The fact they really all do smell like versions of one another is actually built into their marketing strategy -- that's why you won't see much in the way of innovation in the scents themselves, but a ton of focus placed onto the advertising campaigns. These things aren't designed by artisans, they're created by businessmen, focus groups, and spreadsheets. (There's an interesting BBC documentary that actually shows much of this at work). I always take a spin through theses places when I'm near one, just to see what's new and whatnot, but I'm always left scratching my head. It's the same when I see people list Aqua de Geo (sp?), Isse Miyake, or that laundry list of those Allure fragrances -- I make a mental note to revisit them, but when I do, I just can't see the appeal. To be frank, these kinds of fragrances are what kept me away from fragrances for years -- because I thought that was all that was available.

    I'm all for whatever makes people happy, but it would be nice to see some creativity and perhaps an attempt to even out the balance between the quality of the marketing and the quality of the product and maybe give people who aren't as fanatical as we are a few more choices.
    That makes me feel better...I am NOT an expert nose, I can't always list notes from a sniff...but I do pride myself on having learned alot in the past several years of this hobby. I am NOT saying I won't buy "dept. store frags" I own many. BUT this "Trend" isn't going anywhere...When I was a teen in the 80's Eternity was blazing the way for citrus cookie cutter frags. I own Eternity, and Love it. but for me to buy more than one of those I named in my Original Post would be redundant. There CAN be some creativity within the family...I own Versace Pour Homme and could pick it out of a lineup... The area I live isn't very "progressive" fragrance-wise, and when I walk into a church, board meeting, courthouse where frags are being worn, the air is heavy with these generic citrus frags that can't be differentiated from one another. Rarely can I sniff and say "oh, someone is wearing A*Men! Rather I say "wow, everyone is wearing some Citrus, pepper, sandalwood clone!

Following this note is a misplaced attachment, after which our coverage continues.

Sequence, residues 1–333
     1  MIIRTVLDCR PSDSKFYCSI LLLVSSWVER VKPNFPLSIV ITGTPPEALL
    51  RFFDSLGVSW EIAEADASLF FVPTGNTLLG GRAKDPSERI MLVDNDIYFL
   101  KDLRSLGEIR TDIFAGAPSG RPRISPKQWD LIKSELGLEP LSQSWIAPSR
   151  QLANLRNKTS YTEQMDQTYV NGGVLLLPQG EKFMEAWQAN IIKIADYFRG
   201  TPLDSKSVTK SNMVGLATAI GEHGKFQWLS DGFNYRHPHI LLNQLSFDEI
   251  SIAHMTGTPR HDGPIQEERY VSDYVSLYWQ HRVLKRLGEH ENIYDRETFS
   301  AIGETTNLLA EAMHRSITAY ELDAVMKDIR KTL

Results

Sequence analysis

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  14. #14

    Default Re: Trouble differentiating Dept. store fragrances...

    Although similar, I think a lot of the designer fragrances smell quite different in general. Some are better than others, some are quite similar to one another, some are totally different. It's the same thing as niche. Perhaps, you are only able to pick a few redundant notes amongst fragrances because you're smelling them on paper strips. Everything smells the same for me when I sniff on paper.

    Quote Originally Posted by Possum-Pie View Post
    Rarely can I sniff and say "oh, someone is wearing A*Men! Rather I say "wow, everyone is wearing some Citrus, pepper, sandalwood clone!

  15. #15

    Default Re: Trouble differentiating Dept. store fragrances...

    A lot of stuff out now is generic so that may happen for a while. But, there is a difference in the one's you mentioned. Once you spray on your skin you should smell the difference.

  16. #16
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    Default Re: Trouble differentiating Dept. store fragrances...

    dept stores usually sell what's hot now, so the lists u have mentioned is trendy but will be different from month to month. i have a decent nose and can detect some but not all notes. the more sampling the more you can tell.